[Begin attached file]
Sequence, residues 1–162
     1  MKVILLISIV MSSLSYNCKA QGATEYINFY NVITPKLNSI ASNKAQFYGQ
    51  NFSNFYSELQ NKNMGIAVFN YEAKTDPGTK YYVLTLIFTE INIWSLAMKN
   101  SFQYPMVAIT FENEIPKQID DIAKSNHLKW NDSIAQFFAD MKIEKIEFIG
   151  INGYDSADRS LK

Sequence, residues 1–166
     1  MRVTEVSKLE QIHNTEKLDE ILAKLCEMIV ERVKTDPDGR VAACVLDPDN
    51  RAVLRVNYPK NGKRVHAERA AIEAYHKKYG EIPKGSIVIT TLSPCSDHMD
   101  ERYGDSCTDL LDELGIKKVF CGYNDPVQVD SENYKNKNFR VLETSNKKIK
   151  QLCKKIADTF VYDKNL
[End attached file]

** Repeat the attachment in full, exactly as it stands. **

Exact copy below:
Sequence, residues 1–162
     1  MKVILLISIV MSSLSYNCKA QGATEYINFY NVITPKLNSI ASNKAQFYGQ
    51  NFSNFYSELQ NKNMGIAVFN YEAKTDPGTK YYVLTLIFTE INIWSLAMKN
   101  SFQYPMVAIT FENEIPKQID DIAKSNHLKW NDSIAQFFAD MKIEKIEFIG
   151  INGYDSADRS LK

Sequence, residues 1–166
     1  MRVTEVSKLE QIHNTEKLDE ILAKLCEMIV ERVKTDPDGR VAACVLDPDN
    51  RAVLRVNYPK NGKRVHAERA AIEAYHKKYG EIPKGSIVIT TLSPCSDHMD
   101  ERYGDSCTDL LDELGIKKVF CGYNDPVQVD SENYKNKNFR VLETSNKKIK
   151  QLCKKIADTF VYDKNL